In vitro protein binding of diclofenac sodium in plasma and synovial fluid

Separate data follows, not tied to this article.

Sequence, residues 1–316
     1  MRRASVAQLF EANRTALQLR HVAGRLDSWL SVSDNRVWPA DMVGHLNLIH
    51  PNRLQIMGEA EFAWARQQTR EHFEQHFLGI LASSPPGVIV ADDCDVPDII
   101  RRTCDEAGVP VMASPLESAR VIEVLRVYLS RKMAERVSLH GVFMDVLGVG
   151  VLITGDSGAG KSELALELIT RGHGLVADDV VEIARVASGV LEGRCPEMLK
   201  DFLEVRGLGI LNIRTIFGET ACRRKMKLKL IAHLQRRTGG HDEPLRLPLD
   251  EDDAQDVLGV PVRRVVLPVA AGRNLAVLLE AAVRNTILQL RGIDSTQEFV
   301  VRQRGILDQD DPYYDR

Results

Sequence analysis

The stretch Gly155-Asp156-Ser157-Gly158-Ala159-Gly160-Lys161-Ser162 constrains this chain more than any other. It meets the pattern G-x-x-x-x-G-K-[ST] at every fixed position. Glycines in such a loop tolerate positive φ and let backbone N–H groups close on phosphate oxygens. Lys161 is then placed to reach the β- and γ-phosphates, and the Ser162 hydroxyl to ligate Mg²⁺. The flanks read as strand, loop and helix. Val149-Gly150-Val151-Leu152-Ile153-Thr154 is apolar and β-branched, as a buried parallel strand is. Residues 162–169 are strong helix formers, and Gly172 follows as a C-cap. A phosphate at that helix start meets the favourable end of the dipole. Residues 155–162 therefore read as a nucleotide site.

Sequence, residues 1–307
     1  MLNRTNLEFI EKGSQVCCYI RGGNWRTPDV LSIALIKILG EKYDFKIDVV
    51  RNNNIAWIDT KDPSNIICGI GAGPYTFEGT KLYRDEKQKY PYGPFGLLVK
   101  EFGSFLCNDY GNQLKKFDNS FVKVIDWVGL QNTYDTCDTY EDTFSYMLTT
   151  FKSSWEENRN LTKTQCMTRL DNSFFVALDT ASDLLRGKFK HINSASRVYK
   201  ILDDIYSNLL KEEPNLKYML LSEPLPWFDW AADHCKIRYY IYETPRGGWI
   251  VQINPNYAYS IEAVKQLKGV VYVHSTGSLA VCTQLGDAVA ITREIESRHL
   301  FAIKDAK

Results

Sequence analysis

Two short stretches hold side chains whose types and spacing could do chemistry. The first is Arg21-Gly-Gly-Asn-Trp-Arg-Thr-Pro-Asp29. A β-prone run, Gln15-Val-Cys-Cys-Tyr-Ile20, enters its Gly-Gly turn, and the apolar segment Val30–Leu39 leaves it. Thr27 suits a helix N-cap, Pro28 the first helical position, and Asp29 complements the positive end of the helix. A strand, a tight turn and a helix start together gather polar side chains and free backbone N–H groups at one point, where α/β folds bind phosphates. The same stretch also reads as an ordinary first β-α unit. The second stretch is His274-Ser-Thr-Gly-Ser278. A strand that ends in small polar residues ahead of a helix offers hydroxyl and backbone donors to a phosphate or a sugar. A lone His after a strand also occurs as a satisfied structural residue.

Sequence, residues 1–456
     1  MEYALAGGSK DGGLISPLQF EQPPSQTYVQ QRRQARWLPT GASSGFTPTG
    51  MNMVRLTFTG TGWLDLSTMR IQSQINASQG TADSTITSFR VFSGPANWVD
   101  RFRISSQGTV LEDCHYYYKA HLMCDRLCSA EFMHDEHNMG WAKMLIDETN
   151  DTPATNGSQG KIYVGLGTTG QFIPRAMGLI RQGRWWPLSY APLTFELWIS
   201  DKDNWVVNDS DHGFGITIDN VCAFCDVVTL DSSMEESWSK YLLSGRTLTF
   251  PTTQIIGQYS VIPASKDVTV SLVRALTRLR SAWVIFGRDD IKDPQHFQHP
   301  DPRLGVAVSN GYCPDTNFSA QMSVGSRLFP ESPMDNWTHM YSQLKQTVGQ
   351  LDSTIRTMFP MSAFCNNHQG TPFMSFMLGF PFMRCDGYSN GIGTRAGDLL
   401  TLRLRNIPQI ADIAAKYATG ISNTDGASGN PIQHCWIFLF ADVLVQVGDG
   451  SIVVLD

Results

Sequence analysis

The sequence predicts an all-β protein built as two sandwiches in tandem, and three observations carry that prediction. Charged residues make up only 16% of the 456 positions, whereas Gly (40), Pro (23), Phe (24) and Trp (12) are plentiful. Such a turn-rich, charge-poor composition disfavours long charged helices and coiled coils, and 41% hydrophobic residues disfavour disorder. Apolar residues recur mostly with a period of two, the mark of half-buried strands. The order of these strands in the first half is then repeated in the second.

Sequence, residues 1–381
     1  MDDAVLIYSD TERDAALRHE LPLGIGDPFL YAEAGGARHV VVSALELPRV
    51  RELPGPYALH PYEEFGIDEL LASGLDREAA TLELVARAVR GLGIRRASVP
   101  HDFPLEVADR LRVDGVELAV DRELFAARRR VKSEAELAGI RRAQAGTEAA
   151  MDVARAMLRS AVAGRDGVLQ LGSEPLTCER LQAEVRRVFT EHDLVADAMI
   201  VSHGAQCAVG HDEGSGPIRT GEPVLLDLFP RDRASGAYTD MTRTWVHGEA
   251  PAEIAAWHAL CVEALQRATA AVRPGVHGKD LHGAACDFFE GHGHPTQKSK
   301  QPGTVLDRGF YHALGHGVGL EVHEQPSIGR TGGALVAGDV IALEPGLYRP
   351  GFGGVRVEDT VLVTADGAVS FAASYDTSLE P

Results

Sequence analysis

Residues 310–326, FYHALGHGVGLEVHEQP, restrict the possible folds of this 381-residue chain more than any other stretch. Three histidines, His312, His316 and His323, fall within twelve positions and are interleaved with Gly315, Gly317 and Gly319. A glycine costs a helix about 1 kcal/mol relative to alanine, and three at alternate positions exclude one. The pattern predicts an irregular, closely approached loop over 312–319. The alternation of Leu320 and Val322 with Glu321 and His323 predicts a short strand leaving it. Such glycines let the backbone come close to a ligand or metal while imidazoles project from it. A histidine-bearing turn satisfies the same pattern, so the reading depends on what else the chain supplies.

The in vitro protein binding behavior of diclofenac sodium (sodium[o-(2,6-dichloroanilino)phenyl]acetate) in plasma and synovial fluid was investigated by equilibrium dialysis. The drug was highly protein bound (˜ 99.5%) and the extent of binding remained constant for drug concentrations of 2–10 μg/mL. Comparable results were obtained with human serum albumin solution (45 g/L) indicating that albumin is probably the responsible protein. The extent of binding remained relatively constant for drug concentrations of 0.25–10 μg/mL when albumin concentrations were >25 g/L. For albumin concentrations <10 g/L, the extent of binding tended to decrease with increased drug concentration. This concentration (10 g/L) is substantially lower than that usually observed in plasma or synovial fluid of arthritic patients. Curvature of the Scatchard plot indicated the existence of two classes of sites. Excellent results were obtained from fitting of the data according to two classes of sites (r2 >0.999). Parameter estimates (SEM) of the number of binding sites, n1 and n2, and the corresponding association constants, k1 and k2, were 2.26 (0.55), 10.20 (0.69), and 1.32 (0.54) × 105 M−1, and 3.71 (1.11) × 103 M−1, respectively. Simultaneous samples obtained from arthritic patients indicate considerably higher total protein and albumin concentrations in plasma compared with synovial fluid, but the albumin:total protein ratios were essentially the same. There was very little difference in plasma binding in arthritic patients compared with normal subjects. The extent of binding in synovial fluid samples was consistently lower than that for plasma samples (mean ± SD of 99.5 ± 0.2% versus 99.7 ± 0.1%, respectively). The difference in extent of binding between plasma and synovial fluid samples was rather small, but reached statistical significance.